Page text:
If you’re passionate about sports, you should consider one of the many available roles in the industry. You don’t have to be a famous athlete to follow your passion; there’s plenty of rewarding roles that will enable you to do what you love.
Being a physical education (P.E) teacher is one of the most rewarding jobs in sports. You’ll be responsible for the sporting education of primary and secondary school students and training the next generation of athlete stars. As a teacher, you’ll prepare lessons, coach sports clubs, assess student development, and organise events.
The most common way to become a fully qualified P.E teacher is to earn a degree followed by a professional graduate diploma in education (PGDE) with a focus on physical education. You’ll begin your Initial Teacher Training and end with Qualified Teacher Status (QTS) during that period. You could also follow a school-led programme instead of the PGDE to earn your QTS.
To become a sports coach, you’ll typically need to earn coaching badges. The federations that oversee most sports offer training to those interested in coaching at all levels. Most coaches start with younger kids and progress up the ranks until they reach a position that they’re comfortable in.
To be a successful coach, you’ll need to be a strong leader, have good communication skills, and have a solid understanding of the sport you plan to coach. Other than the coaching qualifications, there are no other certificates required to coach sports. However, a sports degree could help improve your chances of landing a competitive position.
As a sports physiotherapist, you’ll be responsible for identifying and treating sports-related injuries. Proper treatment is essential to a quick and successful recovery. You could find yourself working for a sports club, a gym, or a physiotherapist clinic.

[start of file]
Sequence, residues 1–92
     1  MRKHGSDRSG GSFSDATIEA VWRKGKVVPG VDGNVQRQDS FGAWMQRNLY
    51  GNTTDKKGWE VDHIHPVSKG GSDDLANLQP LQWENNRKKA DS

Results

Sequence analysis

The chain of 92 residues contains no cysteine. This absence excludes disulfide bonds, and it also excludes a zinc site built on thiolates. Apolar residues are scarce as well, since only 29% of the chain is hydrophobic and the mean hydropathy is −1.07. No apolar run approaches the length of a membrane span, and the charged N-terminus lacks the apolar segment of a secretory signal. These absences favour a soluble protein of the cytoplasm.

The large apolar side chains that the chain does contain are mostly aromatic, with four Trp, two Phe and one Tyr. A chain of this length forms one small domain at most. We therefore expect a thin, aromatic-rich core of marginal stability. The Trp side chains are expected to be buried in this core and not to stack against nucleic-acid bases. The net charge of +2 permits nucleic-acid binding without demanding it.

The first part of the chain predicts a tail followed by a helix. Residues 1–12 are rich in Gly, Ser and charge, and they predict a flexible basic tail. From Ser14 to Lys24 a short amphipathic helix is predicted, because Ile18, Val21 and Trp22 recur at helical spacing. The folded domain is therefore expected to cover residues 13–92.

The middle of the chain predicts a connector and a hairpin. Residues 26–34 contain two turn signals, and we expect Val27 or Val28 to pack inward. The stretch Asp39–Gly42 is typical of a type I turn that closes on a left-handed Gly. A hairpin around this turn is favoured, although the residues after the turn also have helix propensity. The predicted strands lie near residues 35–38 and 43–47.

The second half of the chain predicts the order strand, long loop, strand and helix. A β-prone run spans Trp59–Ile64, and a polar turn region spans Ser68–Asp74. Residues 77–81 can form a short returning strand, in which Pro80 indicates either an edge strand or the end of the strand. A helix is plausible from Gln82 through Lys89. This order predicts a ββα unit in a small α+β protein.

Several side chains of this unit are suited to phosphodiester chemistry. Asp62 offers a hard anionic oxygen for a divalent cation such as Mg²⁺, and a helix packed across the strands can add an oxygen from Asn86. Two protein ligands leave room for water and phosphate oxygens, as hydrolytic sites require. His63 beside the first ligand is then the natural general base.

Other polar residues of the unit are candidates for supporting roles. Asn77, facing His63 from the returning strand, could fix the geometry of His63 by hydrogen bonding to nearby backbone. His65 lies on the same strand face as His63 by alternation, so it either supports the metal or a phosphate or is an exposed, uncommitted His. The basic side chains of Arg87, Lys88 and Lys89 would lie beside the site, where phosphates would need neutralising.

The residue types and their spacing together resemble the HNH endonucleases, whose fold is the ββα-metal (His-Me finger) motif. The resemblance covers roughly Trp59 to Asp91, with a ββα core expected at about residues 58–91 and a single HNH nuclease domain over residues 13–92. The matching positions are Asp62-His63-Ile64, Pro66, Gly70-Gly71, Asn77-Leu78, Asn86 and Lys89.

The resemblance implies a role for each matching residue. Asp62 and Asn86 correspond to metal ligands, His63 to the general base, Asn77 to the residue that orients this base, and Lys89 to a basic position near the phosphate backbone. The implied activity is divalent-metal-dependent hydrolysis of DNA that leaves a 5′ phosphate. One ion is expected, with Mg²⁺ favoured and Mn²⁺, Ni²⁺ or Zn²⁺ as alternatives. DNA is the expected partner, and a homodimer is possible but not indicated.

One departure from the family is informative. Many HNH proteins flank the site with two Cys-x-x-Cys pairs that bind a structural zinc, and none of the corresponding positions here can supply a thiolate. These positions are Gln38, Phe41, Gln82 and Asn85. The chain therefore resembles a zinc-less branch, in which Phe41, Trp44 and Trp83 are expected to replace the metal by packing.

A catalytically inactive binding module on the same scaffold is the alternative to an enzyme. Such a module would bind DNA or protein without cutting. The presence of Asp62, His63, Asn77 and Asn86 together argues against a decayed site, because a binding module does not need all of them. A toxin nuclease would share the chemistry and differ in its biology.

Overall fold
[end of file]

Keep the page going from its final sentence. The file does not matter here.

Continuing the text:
The most common way into the role is through a degree in physiotherapy accredited by the Chartered Society of Physiotherapists. Once you complete your course and have clinical experience, you can start specialising in sports injuries.
Instead of the University route, you could do an apprenticeship, which will earn you money during four years of study and provide you with valuable hands-on experience.
As a sports psychologist, you’ll be in charge of the mental well-being of athletes. Sports can be a competitive and challenging environment, which can take a severe mental toll on athletes. You’ll be tasked with identifying problem areas, helping patients talk through their difficulties, and reporting problems to the club.
To become a sport psychologist, you’ll need a psychology degree that’s fully accredited by The British Psychological Society (BPS). A Masters degree should then follow that in sports psychology, where you’ll start specialising in the field. If your degree is in an area outside psychology, you could opt for a psychology ‘conversion’ course, which packs a full psychology degree into one year of study.
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